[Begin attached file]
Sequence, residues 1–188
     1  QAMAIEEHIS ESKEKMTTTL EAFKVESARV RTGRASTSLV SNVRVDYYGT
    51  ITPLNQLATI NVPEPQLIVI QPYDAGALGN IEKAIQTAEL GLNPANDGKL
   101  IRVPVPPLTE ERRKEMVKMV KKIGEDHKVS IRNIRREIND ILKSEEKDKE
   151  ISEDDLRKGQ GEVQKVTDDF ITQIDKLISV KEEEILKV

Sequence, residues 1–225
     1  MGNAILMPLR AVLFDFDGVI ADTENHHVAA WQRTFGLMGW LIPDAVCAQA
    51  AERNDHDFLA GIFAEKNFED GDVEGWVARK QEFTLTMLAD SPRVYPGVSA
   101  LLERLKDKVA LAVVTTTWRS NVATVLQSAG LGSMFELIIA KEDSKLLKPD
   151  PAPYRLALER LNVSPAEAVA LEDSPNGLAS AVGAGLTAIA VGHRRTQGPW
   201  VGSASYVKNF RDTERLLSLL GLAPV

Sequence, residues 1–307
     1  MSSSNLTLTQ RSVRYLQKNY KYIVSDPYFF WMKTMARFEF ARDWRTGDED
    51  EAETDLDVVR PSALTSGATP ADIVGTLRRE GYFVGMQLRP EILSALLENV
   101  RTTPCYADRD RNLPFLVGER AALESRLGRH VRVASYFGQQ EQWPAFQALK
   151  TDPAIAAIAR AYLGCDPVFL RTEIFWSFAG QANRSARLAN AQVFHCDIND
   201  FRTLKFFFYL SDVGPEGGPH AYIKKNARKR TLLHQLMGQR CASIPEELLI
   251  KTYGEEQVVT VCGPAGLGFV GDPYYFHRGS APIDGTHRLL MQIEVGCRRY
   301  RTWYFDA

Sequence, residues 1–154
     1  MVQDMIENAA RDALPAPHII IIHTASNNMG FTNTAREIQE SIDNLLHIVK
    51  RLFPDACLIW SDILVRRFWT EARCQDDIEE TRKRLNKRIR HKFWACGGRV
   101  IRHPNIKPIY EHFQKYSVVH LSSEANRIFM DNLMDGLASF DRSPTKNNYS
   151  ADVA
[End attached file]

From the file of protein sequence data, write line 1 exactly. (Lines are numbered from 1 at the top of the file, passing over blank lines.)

Sequence, residues 1–188